Lies lies lies yeah*… does the truth still matter?

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A former colleague and I were chatting a few days ago, when this topic came up – in today’s society, in which corruption and unethical behaviour seem to be pervasive, are organisations feeling the brunt? And if they are, what steps are they taking to safeguard themselves against a similar mindset affecting their own internal culture?

In South Africa, where the country’s leadership has shown itself to be less than honest (a grave understatement, some will say), and lawlessness seems to be going unchecked, how are our own businesses counteracting the effects of what can generally be viewed as a moral vacuum?

Of course, this is not a uniquely South African problem. One just has to look at United Airlines’ recent behaviour, at the allegations made against both candidates in the 2016 US presidential elections, at the reason behind meat exports from Brazil being banned (albeit temporarily), at world politics … the list is almost endless. In the #EY Global Fraud Survey 2016, some of the key findings showed that:

  • 51% of respondents in emerging markets consider bribery and corruption to happen widely in their country.
  • 42% of respondents could justify unethical behaviour to ensure they met financial targets.
  • Almost half of all finance team members interviewed stated that they would be prepared to engage in at least one form of unethical behaviour to meet financial targets or safeguard a company’s economic survival.

The survey goes on to cite that globally, “bribery and corruption are still perceived to occur widely, and our respondents do not believe that the situation has improved since our last survey in 2014. The situation appears to have deteriorated in developed markets … The worsening view in developed markets may reflect an increased awareness of bribery and corruption in those markets. This may be a result of numerous high-profile corruption cases affecting major U.S. and European corporations.”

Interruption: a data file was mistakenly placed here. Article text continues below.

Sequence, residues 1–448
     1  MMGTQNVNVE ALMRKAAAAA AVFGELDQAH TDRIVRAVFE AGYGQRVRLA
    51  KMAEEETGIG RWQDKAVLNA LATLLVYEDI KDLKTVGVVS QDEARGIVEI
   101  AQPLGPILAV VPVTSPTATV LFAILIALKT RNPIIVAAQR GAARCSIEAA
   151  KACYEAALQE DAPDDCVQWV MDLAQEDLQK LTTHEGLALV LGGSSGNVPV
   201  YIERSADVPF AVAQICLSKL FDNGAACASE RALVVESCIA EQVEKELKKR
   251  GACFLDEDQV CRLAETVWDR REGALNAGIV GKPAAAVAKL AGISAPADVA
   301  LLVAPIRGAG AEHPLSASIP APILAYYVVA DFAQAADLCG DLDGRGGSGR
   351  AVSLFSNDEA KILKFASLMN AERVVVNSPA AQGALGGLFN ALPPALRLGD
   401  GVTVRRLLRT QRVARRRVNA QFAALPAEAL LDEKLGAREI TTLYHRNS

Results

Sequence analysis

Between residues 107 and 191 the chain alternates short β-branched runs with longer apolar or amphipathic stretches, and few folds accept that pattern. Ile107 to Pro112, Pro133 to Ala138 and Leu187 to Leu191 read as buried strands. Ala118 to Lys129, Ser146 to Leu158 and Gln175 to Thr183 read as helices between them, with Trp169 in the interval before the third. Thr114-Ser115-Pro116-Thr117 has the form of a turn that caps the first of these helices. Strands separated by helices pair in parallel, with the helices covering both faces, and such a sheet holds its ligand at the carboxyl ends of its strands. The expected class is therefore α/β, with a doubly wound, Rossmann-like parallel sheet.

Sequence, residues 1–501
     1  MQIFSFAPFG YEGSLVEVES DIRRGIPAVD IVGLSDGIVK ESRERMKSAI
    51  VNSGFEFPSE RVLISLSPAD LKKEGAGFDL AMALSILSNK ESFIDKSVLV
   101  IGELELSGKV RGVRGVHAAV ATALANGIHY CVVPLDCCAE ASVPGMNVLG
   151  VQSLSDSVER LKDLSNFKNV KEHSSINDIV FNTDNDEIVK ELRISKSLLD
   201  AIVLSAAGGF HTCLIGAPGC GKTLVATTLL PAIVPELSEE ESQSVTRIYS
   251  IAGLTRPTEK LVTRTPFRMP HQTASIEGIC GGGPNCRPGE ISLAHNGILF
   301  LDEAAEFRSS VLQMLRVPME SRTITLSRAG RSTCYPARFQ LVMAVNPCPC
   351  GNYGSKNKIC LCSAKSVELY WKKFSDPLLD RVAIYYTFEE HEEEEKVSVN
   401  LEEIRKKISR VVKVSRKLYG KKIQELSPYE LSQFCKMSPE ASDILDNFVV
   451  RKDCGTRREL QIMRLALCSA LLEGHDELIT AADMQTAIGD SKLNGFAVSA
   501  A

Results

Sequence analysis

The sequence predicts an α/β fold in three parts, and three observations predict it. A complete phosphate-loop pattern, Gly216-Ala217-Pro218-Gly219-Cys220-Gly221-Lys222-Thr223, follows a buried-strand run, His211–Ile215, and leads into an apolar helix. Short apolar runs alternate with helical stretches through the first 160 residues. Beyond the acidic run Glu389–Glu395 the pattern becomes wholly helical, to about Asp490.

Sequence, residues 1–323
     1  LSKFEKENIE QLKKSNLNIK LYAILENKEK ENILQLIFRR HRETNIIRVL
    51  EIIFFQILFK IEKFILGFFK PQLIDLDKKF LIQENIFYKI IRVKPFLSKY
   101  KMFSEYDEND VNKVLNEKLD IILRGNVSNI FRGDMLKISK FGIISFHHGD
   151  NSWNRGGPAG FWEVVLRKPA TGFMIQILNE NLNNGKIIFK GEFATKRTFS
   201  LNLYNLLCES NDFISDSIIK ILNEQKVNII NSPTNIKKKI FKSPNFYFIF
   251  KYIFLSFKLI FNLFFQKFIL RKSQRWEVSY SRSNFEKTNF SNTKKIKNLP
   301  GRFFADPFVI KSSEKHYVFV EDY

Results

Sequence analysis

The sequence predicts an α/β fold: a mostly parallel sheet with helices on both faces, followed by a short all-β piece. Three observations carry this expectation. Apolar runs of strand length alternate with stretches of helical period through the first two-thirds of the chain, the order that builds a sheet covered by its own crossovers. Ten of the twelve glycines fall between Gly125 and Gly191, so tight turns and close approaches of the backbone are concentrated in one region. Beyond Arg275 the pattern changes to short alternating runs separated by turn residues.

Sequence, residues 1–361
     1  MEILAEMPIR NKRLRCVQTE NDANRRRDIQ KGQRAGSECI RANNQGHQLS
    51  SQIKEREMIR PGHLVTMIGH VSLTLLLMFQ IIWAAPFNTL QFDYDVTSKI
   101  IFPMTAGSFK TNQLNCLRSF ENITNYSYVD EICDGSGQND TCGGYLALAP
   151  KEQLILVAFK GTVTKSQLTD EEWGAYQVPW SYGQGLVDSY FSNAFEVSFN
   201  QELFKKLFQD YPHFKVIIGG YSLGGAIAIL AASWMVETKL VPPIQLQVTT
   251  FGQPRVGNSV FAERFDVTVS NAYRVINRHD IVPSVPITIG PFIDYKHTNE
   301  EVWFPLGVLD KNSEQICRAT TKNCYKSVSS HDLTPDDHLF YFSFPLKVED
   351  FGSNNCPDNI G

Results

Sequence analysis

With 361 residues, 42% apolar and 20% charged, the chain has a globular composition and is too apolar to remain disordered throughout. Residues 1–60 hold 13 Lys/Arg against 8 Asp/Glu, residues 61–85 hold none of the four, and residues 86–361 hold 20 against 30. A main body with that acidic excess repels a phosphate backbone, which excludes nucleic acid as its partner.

Staggering, right? So, the question remains, does the truth matter? From what I’ve been reading lately, the answer thankfully is yes. It seems more people are beginning to question the status quo, and more is being written about the need for authenticity and telling the truth**.

In our own country, we are starting to see evidence of a backlash against corruption and unethical behaviour in the rolling mass action of recent weeks and in the social media uprising against Jacob Zuma and his cohorts. And in Russia and Venezuela, citizens are taking to the streets to voice their displeasure at their own leaders.

I believe these protests are also fueled by the need to be engaged – to have a say in the destiny of a country, and what is wrong and what is right; to understand what direction it’s taking, and to not be powerless in the face of a government or governments that seem to be making unilateral decisions without consulting their citizens.

However, I can find little evidence that organisations are doing the equivalent, aside from a stated desire to fight corruption, and having a Code of Ethics in place***. But this crisis, in my opinion, goes beyond merely having a whistle-blowing facility in place… surely open and honest dialogue and engagement can be the only way to genuinely tackle the significant issues that drive unethical behaviour and corruption?

And this is why I am such a passionate advocate of #authentic #communications. I truly believe authentic communications – based on telling the truth – has the power to cut through the BS, and has a critical role to play in re-establishing much-needed trust, not only in society in general, but within our own organisations. And we cannot afford to wait… the time is ripe for a reality check.

* With both sincere apologies and thanks to the Thompson Twins for their lyrics.

** Please check out the articles I’ve like and/or shared.

*** Feel free to share your view!